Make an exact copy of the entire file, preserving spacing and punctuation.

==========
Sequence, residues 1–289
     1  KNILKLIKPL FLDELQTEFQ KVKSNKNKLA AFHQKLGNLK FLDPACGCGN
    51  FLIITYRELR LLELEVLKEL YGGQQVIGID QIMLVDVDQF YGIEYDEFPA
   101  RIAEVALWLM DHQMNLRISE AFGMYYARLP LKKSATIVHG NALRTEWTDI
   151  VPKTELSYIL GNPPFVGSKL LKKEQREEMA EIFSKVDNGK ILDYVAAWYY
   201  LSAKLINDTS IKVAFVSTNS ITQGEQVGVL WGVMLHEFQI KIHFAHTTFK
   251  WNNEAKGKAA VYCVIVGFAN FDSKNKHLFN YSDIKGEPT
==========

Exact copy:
Sequence, residues 1–289
     1  KNILKLIKPL FLDELQTEFQ KVKSNKNKLA AFHQKLGNLK FLDPACGCGN
    51  FLIITYRELR LLELEVLKEL YGGQQVIGID QIMLVDVDQF YGIEYDEFPA
   101  RIAEVALWLM DHQMNLRISE AFGMYYARLP LKKSATIVHG NALRTEWTDI
   151  VPKTELSYIL GNPPFVGSKL LKKEQREEMA EIFSKVDNGK ILDYVAAWYY
   201  LSAKLINDTS IKVAFVSTNS ITQGEQVGVL WGVMLHEFQI KIHFAHTTFK
   251  WNNEAKGKAA VYCVIVGFAN FDSKNKHLFN YSDIKGEPT